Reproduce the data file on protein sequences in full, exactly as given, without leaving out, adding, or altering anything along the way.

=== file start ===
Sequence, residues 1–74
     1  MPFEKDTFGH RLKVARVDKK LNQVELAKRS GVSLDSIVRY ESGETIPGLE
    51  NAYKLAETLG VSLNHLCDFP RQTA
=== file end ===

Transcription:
Sequence, residues 1–74
     1  MPFEKDTFGH RLKVARVDKK LNQVELAKRS GVSLDSIVRY ESGETIPGLE
    51  NAYKLAETLG VSLNHLCDFP RQTA